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The Incomprehensible Libyan War

Others on the Security Council might favor it, but Russia and China would veto a resolution calling on the Syrian government to restrain itself. “This is very much a blow-back from the Libyan episode,” explained Gowan. “Russia and China — and also India — feel that the West pushed them into a corner over Libya. . . . They fear that they accepted a precedent for Western interventionism that they now want to erase, and Syria has been the test case for that.”

The current stalemate in Libya only adds to their resistance, added Gowan, who said any reconciliation at the U.N. is unlikely, barring a significant escalation of the internal violence in Syria. “It would have to be an escalation that potentially created major problems for Turkey, or perhaps for Lebanon,” he said. “You would really have to see large-scale refugee flows out of Syria before you could shock the skeptics on the Security Council into action.” ~Guy Taylor

Something that continues to amaze me about the Libyan intervention is that its advocates gambled the credibility and viability of the “responsibility to protect” doctrine for the sake of taking sides in a civil war that was not all that exceptionally destructive or threatening to international security. By dropping the bar for intervention so low that it would justify attacking Libya, France, Britain, and the U.S. not only created a possible precedent for later interventions, but did so in a way that would make almost any internal conflict around the world qualify. This naturally drove the abstaining members of the Security Council into total opposition to any kind of action on Syria. Exceeding the mandate that the Security Council provided made sure that no such authorization would be granted again anytime soon, which has almost certainly rendered R2P a dead letter. According to what many of the Libyan war’s supporters wanted it to accomplish and said that it would accomplish, it has failed on almost every count. The one thing that the war likely will accomplish sooner or later is regime change, which the intervention’s defenders claimed was not the goal.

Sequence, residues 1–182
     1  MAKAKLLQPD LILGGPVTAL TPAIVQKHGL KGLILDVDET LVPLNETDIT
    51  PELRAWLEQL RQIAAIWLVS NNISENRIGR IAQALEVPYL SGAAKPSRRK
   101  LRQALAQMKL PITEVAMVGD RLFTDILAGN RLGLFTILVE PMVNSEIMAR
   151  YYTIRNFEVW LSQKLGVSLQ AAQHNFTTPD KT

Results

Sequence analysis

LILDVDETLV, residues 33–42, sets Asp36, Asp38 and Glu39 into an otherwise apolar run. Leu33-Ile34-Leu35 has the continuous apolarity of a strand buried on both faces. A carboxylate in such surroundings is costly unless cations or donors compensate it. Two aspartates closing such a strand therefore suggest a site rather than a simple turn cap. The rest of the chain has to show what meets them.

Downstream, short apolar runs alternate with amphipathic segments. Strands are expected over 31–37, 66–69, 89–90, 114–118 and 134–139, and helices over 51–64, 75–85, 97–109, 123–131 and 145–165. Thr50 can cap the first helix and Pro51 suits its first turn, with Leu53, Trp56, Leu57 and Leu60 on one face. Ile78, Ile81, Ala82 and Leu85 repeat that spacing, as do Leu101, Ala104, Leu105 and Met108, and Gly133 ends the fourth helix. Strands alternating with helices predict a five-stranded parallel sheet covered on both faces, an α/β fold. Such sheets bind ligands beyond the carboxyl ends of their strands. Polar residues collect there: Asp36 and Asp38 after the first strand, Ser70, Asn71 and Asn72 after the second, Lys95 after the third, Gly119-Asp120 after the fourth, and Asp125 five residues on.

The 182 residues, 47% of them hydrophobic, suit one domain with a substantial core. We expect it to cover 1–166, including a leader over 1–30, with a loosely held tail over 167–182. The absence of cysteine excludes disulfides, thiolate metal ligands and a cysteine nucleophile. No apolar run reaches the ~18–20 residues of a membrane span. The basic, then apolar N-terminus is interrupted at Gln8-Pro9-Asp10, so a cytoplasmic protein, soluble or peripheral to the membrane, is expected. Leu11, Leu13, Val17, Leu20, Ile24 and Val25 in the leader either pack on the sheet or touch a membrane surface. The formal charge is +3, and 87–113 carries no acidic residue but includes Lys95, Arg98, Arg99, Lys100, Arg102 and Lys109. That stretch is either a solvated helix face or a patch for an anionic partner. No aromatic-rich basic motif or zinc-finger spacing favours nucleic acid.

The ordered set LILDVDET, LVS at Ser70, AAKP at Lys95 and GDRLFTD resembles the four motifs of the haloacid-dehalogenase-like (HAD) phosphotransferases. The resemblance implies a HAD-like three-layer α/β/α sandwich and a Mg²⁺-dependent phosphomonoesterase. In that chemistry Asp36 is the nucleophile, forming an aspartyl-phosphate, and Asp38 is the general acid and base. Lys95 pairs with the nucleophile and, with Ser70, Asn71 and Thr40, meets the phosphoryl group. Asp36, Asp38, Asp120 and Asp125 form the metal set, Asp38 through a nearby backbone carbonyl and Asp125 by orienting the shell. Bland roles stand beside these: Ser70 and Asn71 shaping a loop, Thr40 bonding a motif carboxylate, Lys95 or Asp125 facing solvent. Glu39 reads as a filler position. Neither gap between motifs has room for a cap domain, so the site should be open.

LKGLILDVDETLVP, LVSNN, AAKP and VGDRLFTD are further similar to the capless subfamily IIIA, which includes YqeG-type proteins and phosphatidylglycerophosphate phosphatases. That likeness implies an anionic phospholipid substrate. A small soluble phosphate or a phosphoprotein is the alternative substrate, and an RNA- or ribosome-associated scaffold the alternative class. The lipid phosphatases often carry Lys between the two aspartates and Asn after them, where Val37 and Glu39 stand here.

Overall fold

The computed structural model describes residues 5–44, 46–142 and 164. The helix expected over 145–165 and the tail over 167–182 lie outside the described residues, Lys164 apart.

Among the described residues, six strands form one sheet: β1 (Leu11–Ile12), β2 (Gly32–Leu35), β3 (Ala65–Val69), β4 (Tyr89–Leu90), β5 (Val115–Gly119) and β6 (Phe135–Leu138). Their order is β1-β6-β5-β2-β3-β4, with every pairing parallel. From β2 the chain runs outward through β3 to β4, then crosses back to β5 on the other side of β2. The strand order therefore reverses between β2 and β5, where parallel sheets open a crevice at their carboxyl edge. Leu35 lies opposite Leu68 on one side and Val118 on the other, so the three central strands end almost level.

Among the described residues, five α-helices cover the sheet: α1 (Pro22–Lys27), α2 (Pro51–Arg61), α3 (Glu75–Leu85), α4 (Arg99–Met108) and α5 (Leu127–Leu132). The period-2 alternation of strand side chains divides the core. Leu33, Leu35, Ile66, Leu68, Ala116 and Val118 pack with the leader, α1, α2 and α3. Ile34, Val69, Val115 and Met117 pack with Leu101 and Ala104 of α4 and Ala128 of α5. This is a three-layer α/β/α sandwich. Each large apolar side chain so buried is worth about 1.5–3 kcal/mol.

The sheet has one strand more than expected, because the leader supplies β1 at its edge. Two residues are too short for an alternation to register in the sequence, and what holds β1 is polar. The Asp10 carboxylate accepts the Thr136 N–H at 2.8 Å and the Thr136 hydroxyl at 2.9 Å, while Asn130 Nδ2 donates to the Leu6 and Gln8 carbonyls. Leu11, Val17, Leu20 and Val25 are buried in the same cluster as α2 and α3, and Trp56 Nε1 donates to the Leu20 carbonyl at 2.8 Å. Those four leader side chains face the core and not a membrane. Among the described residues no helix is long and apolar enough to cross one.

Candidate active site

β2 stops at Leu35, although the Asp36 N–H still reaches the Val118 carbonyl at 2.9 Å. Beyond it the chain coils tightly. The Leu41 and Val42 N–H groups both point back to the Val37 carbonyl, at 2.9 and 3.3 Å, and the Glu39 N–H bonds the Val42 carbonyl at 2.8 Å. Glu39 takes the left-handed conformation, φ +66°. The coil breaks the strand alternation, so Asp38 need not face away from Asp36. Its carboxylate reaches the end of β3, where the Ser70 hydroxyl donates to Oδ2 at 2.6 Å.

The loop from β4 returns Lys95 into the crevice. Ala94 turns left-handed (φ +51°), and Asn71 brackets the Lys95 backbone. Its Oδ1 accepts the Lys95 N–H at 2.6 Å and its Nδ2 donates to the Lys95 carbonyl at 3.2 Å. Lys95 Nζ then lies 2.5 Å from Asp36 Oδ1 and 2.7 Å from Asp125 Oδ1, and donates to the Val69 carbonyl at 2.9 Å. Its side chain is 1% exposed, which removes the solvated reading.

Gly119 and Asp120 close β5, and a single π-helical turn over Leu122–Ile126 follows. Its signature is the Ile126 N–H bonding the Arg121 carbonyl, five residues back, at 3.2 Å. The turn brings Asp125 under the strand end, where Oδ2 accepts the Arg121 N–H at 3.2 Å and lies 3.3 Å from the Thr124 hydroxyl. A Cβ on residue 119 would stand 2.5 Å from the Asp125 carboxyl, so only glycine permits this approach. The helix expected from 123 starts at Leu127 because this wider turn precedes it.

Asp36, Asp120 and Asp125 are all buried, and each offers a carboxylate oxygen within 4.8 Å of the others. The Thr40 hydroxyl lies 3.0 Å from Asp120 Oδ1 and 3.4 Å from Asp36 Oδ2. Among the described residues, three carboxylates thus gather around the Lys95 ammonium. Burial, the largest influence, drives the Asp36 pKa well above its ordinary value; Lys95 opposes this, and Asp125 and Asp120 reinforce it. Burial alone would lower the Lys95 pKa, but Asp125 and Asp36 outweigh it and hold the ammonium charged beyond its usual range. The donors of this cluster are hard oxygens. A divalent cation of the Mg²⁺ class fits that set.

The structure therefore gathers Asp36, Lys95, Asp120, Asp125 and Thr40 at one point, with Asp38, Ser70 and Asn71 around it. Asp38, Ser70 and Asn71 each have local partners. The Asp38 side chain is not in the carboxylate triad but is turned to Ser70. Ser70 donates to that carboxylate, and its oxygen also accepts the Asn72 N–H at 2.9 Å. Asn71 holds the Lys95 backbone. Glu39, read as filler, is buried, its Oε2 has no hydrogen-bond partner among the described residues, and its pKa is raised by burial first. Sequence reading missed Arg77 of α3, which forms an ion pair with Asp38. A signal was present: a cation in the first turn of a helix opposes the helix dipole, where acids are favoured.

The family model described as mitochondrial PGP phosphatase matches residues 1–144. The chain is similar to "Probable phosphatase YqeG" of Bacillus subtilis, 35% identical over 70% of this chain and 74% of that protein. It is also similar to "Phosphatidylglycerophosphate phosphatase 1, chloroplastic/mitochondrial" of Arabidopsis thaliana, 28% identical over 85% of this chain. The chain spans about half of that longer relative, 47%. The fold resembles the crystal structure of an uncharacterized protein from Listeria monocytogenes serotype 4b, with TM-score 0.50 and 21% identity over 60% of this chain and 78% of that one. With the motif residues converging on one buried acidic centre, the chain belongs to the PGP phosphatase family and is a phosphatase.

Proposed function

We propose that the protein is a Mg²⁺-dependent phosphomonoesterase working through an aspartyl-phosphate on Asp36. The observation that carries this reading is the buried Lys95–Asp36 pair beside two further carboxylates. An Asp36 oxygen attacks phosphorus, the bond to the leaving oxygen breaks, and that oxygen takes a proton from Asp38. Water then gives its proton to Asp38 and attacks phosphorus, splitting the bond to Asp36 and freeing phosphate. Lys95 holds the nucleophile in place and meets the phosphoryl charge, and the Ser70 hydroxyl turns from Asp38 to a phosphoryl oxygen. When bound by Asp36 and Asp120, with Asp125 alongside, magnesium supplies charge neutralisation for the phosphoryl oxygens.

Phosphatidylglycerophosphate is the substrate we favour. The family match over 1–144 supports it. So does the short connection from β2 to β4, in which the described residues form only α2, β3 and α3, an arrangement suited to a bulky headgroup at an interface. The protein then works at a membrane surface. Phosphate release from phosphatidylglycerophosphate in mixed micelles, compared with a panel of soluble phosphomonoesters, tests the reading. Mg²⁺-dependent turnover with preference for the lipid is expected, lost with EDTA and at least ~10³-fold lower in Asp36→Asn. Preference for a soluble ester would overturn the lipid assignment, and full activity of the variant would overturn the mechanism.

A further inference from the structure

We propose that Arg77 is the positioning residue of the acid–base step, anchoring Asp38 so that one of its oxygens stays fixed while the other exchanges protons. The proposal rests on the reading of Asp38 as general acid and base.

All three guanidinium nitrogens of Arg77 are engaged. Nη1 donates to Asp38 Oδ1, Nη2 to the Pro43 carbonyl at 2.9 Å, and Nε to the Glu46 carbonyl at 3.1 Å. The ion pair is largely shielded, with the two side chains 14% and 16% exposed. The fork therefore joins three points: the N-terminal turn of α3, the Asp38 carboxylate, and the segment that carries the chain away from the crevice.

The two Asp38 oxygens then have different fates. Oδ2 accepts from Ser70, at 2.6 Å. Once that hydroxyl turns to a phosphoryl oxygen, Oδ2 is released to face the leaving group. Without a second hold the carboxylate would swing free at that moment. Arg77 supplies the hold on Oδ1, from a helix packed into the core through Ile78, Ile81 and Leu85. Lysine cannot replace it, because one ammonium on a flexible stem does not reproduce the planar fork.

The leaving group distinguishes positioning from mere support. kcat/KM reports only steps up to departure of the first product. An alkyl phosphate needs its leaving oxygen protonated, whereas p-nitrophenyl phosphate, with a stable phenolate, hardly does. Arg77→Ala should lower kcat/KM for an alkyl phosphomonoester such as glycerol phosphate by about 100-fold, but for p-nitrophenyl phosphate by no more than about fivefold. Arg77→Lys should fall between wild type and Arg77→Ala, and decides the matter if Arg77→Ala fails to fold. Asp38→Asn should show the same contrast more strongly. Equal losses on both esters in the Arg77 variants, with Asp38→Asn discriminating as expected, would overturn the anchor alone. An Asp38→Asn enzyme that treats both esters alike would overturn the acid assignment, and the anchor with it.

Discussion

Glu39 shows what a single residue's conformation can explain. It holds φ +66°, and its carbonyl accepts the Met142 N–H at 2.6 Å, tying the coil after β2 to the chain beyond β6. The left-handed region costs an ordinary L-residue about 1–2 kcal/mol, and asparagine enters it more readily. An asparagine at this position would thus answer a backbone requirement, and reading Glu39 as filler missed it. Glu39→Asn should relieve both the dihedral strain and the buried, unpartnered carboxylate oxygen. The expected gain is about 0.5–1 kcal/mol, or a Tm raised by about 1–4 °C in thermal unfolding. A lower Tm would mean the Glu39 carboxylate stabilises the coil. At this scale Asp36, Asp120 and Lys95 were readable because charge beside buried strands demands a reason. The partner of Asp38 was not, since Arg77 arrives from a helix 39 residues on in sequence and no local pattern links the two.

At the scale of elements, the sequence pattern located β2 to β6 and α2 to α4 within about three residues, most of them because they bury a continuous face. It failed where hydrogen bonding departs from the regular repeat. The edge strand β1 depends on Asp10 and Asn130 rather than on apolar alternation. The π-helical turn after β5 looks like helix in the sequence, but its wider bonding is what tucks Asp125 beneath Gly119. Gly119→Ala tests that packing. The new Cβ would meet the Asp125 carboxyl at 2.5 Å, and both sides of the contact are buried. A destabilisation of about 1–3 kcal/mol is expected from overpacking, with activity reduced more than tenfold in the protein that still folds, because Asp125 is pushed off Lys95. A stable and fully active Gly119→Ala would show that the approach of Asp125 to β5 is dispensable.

Zakheim expresses the bewilderment that many Americans feel about the Libyan war:

The Libyan civil war is nothing more than a tribal blood feud, stoked by hatreds, grievances and desires for revenge that go back decades if not longer. In such circumstances it is a fool’s errand to determine which of the warring parties has right on its side. That the United States and NATO chose to interject themselves into this conflict is simply incomprehensible.

Update: Follow-up post here.

about the author

Daniel Larison is a senior editor at TAC, where he also keeps a solo blog. He has been published in the New York Times Book Review, Dallas Morning News, World Politics Review, Politico Magazine, Orthodox Life, Front Porch Republic, The American Scene, and Culture11, and was a columnist for The Week. He holds a PhD in history from the University of Chicago, and resides in Lancaster, PA. Follow him on Twitter.

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